1. By expanding sainthood, Francis reflects new realities of anti-Christian violence.

By John L. Allen Jr., Crux, July 12, 2017

Pope Francis on Tuesday may have untied a theological knot that’s long hobbled efforts to venerate the memory of contemporary victims of anti-Christian persecution, which is this: How do you make somebody who died for their faith a saint, when, technically speaking, he or she wasn’t actually a martyr?

Traditionally, a “martyr” means someone who died for their religious beliefs, the test of which is that they were killed in odium fidei, or “hatred of the faith.” Think early Christians, for instance, put to death for refusing to sacrifice to pagan gods or to worship the emperor. In that scenario, the motives of the people killing Christians have to be explicitly religious, not political or economic or anything else.

While there are still plenty of examples of that kind of martyrdom in the 21st century – for instance, Christians in India who die for refusing to take part in “re-conversion” ceremonies to Hinduism, or French Father Jacques Hamel, the 85-year-old priest killed in 2016 by two Muslim men professing loyalty to ISIS – in a large number of other modern cases, the traditional test just doesn’t fit.

In a motu proprio, or legal act, by Pope Francis dated June 11, a third path to sainthood has been opened up along martyrdom and “heroic virtue,” the two traditional requirements for a halo: Sainthood on account of the “offer of life,” for cases in which believers “following closely in the footsteps and teachings of the Lord Jesus, freely and voluntarily offered their life for others, and persevered until death.”

“It’s certain,” according to the pope’s motu proprio, “that the heroic offer of one’s life, suggested and sustained by charity, expresses a true, full and exemplary imitation of Christ, and because of that, it’s worthy of that admiration that the community of the faithful usually reserves to those who have voluntarily accepted the martyrdom of blood or who’ve exercised Christian virtue to a heroic degree.”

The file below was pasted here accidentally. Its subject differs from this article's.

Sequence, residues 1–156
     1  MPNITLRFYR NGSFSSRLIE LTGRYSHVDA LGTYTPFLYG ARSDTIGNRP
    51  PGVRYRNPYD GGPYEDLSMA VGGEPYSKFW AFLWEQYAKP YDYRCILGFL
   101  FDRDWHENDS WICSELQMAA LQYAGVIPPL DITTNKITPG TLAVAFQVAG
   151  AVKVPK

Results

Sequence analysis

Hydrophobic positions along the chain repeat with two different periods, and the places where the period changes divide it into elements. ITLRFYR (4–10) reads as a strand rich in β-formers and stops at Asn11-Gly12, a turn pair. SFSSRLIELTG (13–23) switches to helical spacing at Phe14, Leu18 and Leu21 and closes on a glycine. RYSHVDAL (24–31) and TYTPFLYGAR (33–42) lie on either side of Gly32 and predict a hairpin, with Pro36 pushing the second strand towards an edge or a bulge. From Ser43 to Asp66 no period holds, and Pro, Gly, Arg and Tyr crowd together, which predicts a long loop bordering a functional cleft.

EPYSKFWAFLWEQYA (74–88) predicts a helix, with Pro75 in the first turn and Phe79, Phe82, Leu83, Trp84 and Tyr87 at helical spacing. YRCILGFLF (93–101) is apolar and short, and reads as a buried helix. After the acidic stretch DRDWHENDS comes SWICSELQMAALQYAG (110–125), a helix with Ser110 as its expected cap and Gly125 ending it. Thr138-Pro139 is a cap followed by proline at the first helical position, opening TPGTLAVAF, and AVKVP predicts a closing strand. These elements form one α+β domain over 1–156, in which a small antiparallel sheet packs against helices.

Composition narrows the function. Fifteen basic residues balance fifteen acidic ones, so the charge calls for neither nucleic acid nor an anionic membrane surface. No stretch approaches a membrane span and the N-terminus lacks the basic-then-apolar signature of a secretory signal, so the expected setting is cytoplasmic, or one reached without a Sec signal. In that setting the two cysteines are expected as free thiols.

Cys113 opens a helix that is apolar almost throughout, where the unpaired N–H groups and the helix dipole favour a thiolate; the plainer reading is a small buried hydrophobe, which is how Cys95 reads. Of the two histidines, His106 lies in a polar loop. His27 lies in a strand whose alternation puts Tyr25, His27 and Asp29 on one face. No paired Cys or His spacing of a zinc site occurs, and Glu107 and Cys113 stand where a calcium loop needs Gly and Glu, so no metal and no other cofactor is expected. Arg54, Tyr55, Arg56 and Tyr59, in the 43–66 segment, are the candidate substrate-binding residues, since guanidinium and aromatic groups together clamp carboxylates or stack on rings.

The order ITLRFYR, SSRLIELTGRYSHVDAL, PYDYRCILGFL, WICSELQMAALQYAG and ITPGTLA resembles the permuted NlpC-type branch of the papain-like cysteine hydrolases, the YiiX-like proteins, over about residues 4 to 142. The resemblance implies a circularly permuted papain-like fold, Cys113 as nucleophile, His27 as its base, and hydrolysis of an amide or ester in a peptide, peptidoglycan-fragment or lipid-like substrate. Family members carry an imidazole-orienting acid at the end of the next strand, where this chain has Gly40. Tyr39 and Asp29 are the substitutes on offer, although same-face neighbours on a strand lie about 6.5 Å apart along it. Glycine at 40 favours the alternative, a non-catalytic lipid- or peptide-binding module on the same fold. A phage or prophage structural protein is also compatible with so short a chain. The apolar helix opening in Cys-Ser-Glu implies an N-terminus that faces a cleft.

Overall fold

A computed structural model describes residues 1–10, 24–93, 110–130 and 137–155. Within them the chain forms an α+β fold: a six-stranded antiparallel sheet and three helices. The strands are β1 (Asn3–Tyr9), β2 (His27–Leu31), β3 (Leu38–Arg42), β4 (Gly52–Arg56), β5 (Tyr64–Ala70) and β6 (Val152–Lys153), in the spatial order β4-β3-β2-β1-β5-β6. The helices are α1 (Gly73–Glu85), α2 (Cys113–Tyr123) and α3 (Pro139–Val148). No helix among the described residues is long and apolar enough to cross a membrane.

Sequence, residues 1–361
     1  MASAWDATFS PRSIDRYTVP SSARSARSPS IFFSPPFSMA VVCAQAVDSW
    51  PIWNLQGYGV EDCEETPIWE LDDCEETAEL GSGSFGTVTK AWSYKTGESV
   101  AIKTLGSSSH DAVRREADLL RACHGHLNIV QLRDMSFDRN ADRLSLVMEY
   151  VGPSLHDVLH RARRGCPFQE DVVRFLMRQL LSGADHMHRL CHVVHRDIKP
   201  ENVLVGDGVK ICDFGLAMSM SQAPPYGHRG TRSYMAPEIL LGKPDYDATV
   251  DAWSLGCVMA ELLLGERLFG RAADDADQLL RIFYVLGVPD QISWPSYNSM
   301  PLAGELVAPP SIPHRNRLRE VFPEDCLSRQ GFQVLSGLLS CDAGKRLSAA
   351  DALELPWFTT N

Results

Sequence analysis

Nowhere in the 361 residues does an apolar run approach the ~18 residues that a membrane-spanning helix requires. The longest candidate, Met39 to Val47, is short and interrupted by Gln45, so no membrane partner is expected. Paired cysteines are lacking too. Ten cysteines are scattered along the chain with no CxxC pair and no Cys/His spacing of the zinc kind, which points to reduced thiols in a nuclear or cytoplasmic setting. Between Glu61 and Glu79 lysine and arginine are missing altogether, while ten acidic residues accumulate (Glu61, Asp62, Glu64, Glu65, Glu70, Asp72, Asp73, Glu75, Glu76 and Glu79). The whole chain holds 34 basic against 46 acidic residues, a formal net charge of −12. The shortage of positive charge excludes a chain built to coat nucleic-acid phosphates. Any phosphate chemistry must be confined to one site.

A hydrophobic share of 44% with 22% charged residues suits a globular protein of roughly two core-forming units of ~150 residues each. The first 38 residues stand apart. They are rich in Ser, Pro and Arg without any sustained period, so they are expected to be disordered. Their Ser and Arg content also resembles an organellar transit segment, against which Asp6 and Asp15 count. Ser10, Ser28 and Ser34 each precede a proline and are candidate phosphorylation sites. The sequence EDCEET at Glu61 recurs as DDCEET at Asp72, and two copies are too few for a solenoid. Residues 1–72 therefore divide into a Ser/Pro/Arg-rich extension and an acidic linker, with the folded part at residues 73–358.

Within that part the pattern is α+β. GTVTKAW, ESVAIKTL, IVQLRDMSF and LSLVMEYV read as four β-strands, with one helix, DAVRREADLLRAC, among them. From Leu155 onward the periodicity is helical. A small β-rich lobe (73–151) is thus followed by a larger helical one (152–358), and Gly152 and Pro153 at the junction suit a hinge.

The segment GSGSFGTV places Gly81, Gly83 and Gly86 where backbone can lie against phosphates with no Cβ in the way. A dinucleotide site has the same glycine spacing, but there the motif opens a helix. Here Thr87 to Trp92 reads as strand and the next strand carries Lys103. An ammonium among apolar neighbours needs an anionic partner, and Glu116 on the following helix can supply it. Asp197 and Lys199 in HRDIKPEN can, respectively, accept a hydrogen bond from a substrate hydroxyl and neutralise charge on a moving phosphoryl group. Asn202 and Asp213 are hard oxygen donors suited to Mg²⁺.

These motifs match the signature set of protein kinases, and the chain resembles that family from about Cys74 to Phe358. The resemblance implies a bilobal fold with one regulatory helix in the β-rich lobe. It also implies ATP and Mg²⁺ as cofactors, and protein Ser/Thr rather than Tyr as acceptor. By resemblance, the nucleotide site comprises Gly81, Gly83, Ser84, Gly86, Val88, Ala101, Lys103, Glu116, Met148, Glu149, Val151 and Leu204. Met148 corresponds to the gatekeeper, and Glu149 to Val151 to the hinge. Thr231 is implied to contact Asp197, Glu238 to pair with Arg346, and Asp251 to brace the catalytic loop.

The bottom line is that Francis’s adjustment to the sainthood rules on Tuesdayisn’t just insider Vatican baseball. It’s a gesture of solidarity with all those Christians around the world today putting their lives on the line on the basis of their faith – and, given the staggering number of such folks in the early 21st century, it could end up being among the most consequential moves he’s made.


2. Catholic Malta legalizes gay marriage over church objection.

By Stephen Calleja, Associated Press, July 12, 2017, 7:43 AM

The predominantly Roman Catholic island nation of Malta is set to legalize gay marriage, joining much of Western Europe by replacing the traditional “you are now husband and wife” declaration in civil ceremonies with “you are now spouses.”

The Catholic Church had opposed the legislation, which the Labor government promised to introduce as its first law after winning a second term last month and which both opposition parties support. The only question heading into Wednesday’s parliamentary vote was whether there would be any votes against.

The aim of the law, piloted by Equality Minister Helena Dalli, is to “modernize the institution of marriage” to extend it to all consenting adult couples.

Archbishop Charles Scicluna has opposed the gay marriage law, reflecting the church’s longstanding view that marriage is only between a man and woman.


3. Judge: Anti-abortion leader’s attorneys violated court order.

By Sudhin Thanawala, Associated Press, July 11, 2017, 9:20 AM

A federal judge said Tuesday he will hold attorneys for the head of an anti-abortion group in contempt after links to videos that the judge had barred from release appeared on their website.

U.S. District Court Judge William Orrick said attorneys Steve Cooley and Brentford J. Ferreira had violated his injunction.

The two attorneys represent David Daleiden, a leader of the Center for Medical Progress. The center has released several secretly recorded videos that it says show Planned Parenthood employees selling fetal tissue for profit, which is illegal.


4. Pope Francis: ‘Europe must be federal’.

By Staff Reporter, Catholic Herald, July 11, 2017

Pope Francis has reportedly said that Europe “must become a federal community or it will no longer count for anything in the world”.

His comments were apparently made in an interview with Eugenio Scalfari, the 93-year-old La Repubblica journalist who does not record interviews or take notes.

Scalfari writes that he told Pope Francis that Europe must become a federal state if it is to deal with the ongoing migrant crisis, to which the Pope responded, “True, I have repeatedly raised this.”

Pope Francis then continued, “The countries [of Europe] will act if they recognise one truth: either Europe becomes a federal community or it will no longer count for anything in the world.”